Location: The 2013 workshop was held at North Carolina State University. We were able to offer, to both students and problem presenters, the support of an experienced group of faculty and staff.
Objective was to expose graduate students in mathematics, engineering, and statistics to challenging and exciting real-world problems arising in industrial and government laboratory research. Students got experience in the team approach to problem solving.
Setup: The students were divided into six-member teams to collaborate on industrial projects presented by experienced scientists and engineers. The corresponding problems were not the kind of academic exercises often considered in classrooms. The challenges they raise typically require fresh new insight for both formulation and solution. During the workshop, each group was mentored by both the problem presenter and a faculty adviser.
Lea Jenkins (Clemson University) and Matthew Farthing (US Army Corps of Engineers ERDC):
Numerical Modeling and Simulation of Fluid Flow with Application to Current Environmental Challenges
Howard Chang (Emory University) and Simone Gray (Centers for Disease Control and Prevention):
Burden of Sexual Transmitted Diseases in the US: Trend Analysis of Incidence Rates
Jordan Massad (Sandia National Laboratories), William S. Oates (Florida State University), and Ralph Smith (North Carolina State University):
Photoresponsive Polymer Beam Design for Solar Concentrator Self-steering Heliostats
Agustin Calatroni, Henry Lynn, and Herman Mitchell (Rho) and Emily Lei Kang (University of Cincinnati):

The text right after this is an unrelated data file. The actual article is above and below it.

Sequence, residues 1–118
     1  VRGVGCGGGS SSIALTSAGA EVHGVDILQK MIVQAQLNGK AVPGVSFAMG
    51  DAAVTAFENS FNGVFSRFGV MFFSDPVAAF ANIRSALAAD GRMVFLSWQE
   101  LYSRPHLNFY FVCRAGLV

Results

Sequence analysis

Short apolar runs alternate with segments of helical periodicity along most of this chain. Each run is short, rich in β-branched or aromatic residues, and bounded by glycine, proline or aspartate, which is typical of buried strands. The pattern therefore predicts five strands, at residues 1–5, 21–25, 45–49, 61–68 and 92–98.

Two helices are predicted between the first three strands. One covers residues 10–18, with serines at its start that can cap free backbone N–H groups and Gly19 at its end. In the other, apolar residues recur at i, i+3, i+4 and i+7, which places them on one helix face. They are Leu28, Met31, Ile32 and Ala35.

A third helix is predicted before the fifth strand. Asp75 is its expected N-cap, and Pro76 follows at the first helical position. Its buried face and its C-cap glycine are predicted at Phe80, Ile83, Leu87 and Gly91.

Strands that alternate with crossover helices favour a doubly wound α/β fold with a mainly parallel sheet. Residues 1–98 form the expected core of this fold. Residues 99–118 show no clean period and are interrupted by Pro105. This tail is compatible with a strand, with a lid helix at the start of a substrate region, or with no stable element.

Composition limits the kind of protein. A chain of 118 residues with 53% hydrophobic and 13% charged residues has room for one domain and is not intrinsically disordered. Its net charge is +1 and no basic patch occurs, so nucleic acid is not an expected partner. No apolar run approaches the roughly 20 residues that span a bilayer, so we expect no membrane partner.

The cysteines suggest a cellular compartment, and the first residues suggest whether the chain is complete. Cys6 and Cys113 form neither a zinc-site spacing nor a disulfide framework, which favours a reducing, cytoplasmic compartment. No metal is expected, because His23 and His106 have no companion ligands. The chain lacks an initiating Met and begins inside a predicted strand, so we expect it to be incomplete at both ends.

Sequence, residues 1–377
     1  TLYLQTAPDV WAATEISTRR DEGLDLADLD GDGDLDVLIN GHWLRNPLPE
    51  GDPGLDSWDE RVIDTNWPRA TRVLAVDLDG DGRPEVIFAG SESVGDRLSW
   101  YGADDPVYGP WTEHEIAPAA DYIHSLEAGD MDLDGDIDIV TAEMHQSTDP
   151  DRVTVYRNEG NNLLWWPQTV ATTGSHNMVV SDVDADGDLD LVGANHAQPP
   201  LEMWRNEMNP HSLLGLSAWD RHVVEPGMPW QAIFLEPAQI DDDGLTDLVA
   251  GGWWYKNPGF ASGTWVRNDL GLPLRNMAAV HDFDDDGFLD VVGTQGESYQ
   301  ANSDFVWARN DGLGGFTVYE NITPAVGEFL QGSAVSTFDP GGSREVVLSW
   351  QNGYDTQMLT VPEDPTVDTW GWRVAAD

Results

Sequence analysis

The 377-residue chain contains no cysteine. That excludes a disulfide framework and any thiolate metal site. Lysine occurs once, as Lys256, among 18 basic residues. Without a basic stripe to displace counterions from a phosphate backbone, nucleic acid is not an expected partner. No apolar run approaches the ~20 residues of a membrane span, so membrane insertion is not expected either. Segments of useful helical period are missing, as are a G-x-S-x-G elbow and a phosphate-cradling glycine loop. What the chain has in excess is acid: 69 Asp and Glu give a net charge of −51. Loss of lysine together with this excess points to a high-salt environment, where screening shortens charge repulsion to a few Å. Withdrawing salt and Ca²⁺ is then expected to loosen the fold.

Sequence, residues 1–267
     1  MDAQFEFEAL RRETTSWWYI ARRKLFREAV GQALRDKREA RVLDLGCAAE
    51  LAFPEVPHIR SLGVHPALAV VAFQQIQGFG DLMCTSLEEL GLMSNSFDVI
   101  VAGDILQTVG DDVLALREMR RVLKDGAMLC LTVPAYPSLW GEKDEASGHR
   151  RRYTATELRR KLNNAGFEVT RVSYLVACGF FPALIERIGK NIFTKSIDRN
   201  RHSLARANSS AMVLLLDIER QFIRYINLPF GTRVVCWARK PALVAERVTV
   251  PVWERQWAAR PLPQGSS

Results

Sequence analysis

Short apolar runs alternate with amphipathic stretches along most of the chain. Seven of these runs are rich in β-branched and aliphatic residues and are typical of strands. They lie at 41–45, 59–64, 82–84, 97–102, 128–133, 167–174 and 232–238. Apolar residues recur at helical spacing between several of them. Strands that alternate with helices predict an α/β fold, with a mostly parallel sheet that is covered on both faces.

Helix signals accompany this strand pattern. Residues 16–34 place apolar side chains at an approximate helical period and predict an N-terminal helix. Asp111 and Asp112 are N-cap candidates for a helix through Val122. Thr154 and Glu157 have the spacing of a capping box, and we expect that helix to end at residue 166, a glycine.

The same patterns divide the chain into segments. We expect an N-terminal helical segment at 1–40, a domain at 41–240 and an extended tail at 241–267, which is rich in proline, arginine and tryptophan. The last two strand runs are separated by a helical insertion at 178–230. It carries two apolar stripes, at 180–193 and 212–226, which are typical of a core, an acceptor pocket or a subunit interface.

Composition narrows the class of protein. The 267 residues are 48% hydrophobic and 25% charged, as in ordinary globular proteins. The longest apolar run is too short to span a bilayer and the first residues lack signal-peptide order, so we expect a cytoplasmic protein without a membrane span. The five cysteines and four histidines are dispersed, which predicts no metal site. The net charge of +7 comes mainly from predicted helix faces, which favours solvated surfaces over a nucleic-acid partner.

Microbes and Molecules: A Microscopic Analysis of Asthma
Benefits to students
Do you think your class work reflects how you will be using mathematics and statistics on the job? Sometimes the biggest challenge is figuring out what the real problem is. Students learn how to do this, and also how to get a usable result on a tight deadline. By providing a unique experience of how mathematics and statistics are applied outside Academia, the workshop has helped many students in deciding what kind of career they aspire to. In some cases, this help has been in the form of direct hiring by the participating companies. By broadening the horizon beyond what is usually presented in graduate education, students interested in academic careers also find a renewed sense of excitement about their field. Additionally, students gain experience working together toward producing an oral presentation and written report of their results (see related publications) which occasionally has led to later journal publications.
Benefits to companies
Often the teams come up with useful solutions to a company’s problem. Some companies also take advantage of the recruitment opportunity provided through direct contact with some of the most talented graduate students in the mathematical sciences. Moreover, several projects initially presented at the workshop have resulted in long term collaboration between applied mathematicians (students and faculty) and the companies involved. Many companies, large and small, have shown continued interest and enthusiasm about the Workshop.
Cost: Local and travel expenses are covered.
Support: The workshop was supported by SAMSI and the Center for Research in Scientific Computation in collaboration with the NCSU Department of Mathematics.
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